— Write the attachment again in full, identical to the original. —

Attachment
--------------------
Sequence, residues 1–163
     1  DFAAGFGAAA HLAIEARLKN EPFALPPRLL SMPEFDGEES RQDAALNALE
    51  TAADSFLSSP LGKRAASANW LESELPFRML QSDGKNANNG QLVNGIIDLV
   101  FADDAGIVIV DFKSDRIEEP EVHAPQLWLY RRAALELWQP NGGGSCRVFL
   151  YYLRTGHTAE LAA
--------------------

Sequence, residues 1–163
     1  DFAAGFGAAA HLAIEARLKN EPFALPPRLL SMPEFDGEES RQDAALNALE
    51  TAADSFLSSP LGKRAASANW LESELPFRML QSDGKNANNG QLVNGIIDLV
   101  FADDAGIVIV DFKSDRIEEP EVHAPQLWLY RRAALELWQP NGGGSCRVFL
   151  YYLRTGHTAE LAA